Swiss Re on electric vehicle sales

Will this be a promising or challenging market for insurance?

Swiss Re on electric vehicle sales


By Jonalyn Cueto

Electric vehicle (EV) sales are witnessing rapid growth, with a recent forecast from the International Energy Agency (IEA) predicting EV sales will grow at an average annual rate of 30% until 2030.

By that time, reported Swiss Re the global market size is anticipated to surpass $200 billion, up from $51 billion in 2022. By 2035, EVs are expected to represent half of all new car sales globally, with an estimated 73 million units projected to be sold by 2040. The result is a significant market opportunity for insurers.

How electric vehicle sales have climbed

In 2023, nearly 14 million EVs were sold globally, marking a 35% increase from the previous year. EVs now account for 18% of all car sales. The adoption rates, however, vary significantly across regions. For instance, EVs constitute about 10% of all car sales in the United States, 38% in China, and 22% on average in the European Union. In Nordic countries, EV sales have soared above 50%.

The rapid growth in EV sales has spurred a corresponding increase in the EV insurance market. Studies indicate that this market will also see double-digit annual growth rates up to 2030. However, this burgeoning market presents several challenges for insurers. Higher accident rates and repair costs are impacting underwriting profitability, necessitating closer collaboration between carmakers and insurers.

A challenging market for insurance?

EVs introduce new driving behaviors, vehicle risks, and repair complexities that create unique challenges for insurers. One notable change is the abrupt acceleration of EVs from a stationary position compared to internal combustion engine (ICE) vehicles, leading to a higher probability of accidents. In China, the EV accident rate is nearly double that of ICE vehicles, partly due to the higher share of EVs in commercial use.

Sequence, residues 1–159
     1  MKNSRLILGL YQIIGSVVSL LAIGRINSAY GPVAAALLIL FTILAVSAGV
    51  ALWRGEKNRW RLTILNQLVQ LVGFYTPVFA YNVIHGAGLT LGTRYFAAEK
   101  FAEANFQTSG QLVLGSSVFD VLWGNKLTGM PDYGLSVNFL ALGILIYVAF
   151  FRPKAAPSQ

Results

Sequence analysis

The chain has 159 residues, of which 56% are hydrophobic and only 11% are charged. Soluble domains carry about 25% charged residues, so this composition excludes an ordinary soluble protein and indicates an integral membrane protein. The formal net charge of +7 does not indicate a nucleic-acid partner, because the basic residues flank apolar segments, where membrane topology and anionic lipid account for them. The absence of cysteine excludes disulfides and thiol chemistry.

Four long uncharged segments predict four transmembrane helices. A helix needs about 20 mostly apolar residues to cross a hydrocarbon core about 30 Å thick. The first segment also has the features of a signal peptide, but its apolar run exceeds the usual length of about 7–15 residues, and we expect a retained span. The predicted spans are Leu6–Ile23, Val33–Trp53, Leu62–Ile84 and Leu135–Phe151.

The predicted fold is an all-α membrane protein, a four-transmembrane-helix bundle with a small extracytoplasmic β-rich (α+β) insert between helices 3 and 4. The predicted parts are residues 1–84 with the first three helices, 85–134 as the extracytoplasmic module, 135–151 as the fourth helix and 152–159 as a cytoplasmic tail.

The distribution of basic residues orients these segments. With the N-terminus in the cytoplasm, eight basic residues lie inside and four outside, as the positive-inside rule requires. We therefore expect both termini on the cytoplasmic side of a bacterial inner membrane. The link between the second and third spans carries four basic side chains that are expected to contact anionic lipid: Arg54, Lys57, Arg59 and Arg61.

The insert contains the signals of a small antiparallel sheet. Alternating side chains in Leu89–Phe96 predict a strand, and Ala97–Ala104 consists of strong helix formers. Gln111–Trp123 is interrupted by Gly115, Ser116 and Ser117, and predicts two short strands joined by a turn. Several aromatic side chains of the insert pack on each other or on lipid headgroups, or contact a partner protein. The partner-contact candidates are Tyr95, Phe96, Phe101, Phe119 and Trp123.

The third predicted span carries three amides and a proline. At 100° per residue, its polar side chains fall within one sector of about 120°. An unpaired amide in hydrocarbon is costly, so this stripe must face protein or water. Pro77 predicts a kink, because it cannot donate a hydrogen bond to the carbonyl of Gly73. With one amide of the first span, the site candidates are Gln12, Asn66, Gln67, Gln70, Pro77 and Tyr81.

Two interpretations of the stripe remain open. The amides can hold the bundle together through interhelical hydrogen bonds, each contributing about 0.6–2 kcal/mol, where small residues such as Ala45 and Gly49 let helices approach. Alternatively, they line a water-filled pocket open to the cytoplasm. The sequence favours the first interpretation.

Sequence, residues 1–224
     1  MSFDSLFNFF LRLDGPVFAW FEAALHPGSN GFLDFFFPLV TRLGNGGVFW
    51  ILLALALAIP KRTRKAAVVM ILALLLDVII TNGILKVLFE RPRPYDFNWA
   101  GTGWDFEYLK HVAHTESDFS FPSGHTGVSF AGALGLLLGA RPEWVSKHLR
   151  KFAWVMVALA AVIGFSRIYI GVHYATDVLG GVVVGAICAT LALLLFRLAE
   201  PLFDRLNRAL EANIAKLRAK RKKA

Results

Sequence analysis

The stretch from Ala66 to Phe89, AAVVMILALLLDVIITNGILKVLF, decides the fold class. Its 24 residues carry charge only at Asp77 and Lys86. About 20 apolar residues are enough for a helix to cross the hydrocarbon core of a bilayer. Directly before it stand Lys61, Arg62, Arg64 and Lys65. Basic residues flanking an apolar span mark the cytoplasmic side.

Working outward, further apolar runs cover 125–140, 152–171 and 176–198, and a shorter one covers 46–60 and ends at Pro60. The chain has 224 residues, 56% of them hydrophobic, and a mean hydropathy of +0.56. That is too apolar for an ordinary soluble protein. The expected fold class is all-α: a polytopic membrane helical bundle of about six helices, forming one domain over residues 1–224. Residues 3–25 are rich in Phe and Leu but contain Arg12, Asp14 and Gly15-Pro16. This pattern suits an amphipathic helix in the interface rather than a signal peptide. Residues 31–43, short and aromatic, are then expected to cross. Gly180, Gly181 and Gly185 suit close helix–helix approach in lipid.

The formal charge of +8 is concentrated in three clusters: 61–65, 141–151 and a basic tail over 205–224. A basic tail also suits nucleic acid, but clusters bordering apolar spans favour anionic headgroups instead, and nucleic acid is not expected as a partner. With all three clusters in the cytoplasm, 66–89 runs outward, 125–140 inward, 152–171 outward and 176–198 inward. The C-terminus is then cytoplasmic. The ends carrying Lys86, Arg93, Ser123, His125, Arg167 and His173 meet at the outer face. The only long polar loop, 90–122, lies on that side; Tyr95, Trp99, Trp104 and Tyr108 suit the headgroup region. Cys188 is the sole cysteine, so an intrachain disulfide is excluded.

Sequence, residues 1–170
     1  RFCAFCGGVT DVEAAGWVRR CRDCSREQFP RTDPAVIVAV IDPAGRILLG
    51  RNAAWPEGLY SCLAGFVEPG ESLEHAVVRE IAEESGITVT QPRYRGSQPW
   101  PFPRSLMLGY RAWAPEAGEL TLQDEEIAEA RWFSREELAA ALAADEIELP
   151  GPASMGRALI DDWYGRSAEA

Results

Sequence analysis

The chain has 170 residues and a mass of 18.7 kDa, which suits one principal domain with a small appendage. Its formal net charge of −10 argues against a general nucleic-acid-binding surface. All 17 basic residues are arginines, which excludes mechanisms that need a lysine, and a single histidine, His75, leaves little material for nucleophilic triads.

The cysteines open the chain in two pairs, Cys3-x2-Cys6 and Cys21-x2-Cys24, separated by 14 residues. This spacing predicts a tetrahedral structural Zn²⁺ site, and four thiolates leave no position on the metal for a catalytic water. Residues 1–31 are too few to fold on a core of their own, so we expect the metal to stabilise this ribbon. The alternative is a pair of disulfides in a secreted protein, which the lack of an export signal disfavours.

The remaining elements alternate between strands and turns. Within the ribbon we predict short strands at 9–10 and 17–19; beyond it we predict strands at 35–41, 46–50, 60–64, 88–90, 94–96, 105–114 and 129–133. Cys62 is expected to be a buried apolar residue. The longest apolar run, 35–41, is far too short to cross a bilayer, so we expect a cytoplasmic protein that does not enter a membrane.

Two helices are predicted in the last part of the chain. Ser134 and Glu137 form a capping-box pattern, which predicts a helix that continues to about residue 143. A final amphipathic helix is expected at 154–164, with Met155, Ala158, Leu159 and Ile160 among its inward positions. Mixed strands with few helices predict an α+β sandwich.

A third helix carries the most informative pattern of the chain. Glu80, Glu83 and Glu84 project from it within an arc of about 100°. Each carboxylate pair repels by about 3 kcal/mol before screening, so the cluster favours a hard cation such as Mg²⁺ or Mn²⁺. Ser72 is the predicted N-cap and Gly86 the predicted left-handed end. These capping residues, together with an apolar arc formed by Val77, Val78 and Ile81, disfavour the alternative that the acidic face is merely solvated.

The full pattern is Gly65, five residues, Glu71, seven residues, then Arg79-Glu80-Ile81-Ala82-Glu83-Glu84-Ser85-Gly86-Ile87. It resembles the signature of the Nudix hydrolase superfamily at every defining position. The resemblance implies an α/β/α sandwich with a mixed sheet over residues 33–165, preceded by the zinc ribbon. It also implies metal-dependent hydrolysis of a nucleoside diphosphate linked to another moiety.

Repair costs for EVs are also significantly higher than for ICE vehicles. A 2022 US study found that EV repair costs were, on average, 26.6% higher. This trend is confirmed by data from Germany and the UK, which show 30% to 35% higher repair costs for EVs. The increased costs are attributed to the complex technology in EVs, including digital sensors, laser/radar devices, and advanced software systems, which require more labor-intensive diagnostics and repairs.

To support sales and manage these risks, some EV producers are acquiring their own insurance licenses or partnering with insurance companies. However, the new risks and repair costs associated with EVs have resulted in higher premiums for EV insurance. In China, the average EV insurance premium in 2023 was 81% higher than for standard motor vehicles. Similarly, in the UK, the average premium for EVs was nearly double that for ICE cars, jumping to £1,344 (US$1,700) at the end of 2023.

Addressing these challenges may require deeper cooperation between insurers and EV producers. By leveraging their respective expertise—insurers’ claims experience and carmakers’ vehicle data—both parties can innovate to provide better coverage and service solutions, Swiss Re suggested, potentially integrating driving behavior data and offering tailored repair and maintenance packages.

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